This is the claim from Germany's Security Research Labs (SRL), after its researchers conducted a two-year study into the state of Android security, focused around the monthly updates that Google issues.
Security Research Labs analysed a large number of devices running Google's Android operating system, and found that some vendors fail to apply critical and high severity security patches. "Probably for marketing reasons, they just set the patch level to nearly an arbitrary date, whatever looks best", Nohl is quoted as saying. Some phone vendors did better than others. What is more concerning is that in some cases, manufacturers intentionally misrepresented when the device had last been patched. Vendors whose devices had one to three missing patches include Nokia, Chinese giant Xiomi and fan-favorite OnePlus.
Though a variety of Android manufacturers have implemented navigation gestures over the years, Google might be considering the move in stock Android in response to the iPhone X and ever-shrinking bezels.
However, handsets from less known manufacturers like ZTE and TCL have a worse track record at pushing out security patches. When Google creates new security updates each month, it trickles them down to device makers that get the ultimate say on how and when to update their phones. Some brands even mislead their customers by releasing a renamed security patch which usually is not up to date.
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Tristan made out with one of the women, while the other woman grabbed his head and snuggled it to her chest. "And the family is keeping them apart until she goes into labor", which could be sooner than expected now.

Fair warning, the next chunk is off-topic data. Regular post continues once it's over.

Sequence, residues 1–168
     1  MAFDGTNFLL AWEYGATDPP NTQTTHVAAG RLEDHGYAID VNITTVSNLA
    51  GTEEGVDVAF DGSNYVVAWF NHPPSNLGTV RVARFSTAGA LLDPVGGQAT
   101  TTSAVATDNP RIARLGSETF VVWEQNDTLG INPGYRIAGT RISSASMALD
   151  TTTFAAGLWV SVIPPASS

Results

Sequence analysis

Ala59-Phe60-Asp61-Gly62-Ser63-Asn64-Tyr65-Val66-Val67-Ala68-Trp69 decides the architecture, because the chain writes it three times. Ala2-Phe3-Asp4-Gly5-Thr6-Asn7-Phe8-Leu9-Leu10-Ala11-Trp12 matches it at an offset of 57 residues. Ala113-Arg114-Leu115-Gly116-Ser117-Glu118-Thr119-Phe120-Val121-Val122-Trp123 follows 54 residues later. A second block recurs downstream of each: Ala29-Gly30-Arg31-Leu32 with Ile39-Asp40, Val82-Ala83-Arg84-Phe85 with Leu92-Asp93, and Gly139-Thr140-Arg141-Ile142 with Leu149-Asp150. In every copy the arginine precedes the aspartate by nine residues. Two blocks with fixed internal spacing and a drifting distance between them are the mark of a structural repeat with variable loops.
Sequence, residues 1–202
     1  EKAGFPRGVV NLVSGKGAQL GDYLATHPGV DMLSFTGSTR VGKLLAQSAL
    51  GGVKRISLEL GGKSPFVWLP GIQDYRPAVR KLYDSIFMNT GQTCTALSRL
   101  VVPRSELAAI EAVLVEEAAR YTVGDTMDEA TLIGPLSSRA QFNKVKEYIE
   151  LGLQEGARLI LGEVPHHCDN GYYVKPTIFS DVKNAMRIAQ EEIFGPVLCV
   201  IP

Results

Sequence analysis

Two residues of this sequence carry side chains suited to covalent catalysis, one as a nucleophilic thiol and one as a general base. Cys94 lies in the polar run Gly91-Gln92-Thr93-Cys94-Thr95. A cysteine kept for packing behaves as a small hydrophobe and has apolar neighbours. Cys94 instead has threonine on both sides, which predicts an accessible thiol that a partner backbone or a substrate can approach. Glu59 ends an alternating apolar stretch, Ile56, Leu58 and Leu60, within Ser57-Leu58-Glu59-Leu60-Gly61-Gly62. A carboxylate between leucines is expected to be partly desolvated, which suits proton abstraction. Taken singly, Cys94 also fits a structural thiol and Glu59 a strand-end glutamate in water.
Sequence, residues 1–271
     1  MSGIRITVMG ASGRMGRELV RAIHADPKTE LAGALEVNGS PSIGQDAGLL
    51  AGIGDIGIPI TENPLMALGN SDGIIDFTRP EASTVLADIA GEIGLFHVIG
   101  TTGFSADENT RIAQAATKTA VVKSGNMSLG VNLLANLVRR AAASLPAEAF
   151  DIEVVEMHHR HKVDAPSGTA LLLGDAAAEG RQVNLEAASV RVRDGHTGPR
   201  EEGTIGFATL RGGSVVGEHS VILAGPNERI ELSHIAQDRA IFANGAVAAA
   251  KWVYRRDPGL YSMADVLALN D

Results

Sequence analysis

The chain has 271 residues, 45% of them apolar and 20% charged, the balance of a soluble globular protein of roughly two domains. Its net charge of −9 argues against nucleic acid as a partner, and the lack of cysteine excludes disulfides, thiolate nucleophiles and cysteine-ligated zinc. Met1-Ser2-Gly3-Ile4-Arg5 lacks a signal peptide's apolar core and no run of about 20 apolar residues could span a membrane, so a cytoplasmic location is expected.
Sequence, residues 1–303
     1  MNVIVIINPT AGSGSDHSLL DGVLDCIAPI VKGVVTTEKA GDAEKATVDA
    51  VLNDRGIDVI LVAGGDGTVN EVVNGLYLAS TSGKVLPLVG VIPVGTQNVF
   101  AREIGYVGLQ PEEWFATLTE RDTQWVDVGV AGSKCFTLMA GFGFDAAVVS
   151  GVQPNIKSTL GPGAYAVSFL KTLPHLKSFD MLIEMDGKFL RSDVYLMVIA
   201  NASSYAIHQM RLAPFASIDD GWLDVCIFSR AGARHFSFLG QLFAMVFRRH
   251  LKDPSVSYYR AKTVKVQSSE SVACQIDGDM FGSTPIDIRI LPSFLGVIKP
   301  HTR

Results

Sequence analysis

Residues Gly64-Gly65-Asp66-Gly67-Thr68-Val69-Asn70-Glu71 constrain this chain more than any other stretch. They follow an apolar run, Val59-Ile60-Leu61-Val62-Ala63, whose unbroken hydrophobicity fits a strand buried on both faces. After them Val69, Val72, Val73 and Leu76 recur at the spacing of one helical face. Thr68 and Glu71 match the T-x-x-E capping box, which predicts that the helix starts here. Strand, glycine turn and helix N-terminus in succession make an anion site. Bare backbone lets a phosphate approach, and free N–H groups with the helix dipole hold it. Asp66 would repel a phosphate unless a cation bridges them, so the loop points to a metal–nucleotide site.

Unfortunately, they did not explain whether or not these missed updates are intentional. It also reassured that even with patches missing, it would be hard for a bad actor to hack an Android device. "Owing to this complexity, a few missing patches are usually not enough for a hacker to remotely compromise an Android device", the researchers wrote.
Because these hardware-level fixes are accounted for in the Android security bulletins, this created situations where OEMs delivered updates claiming to have a "security patch level" but they were actually missing some of the patches for that "level".
The app reported that the Sony devices missed one security update, but found that tests for five other patches were inconclusive. "That's deliberate deception, and it's not very common", SRL founder Karsten Nohl told Wired.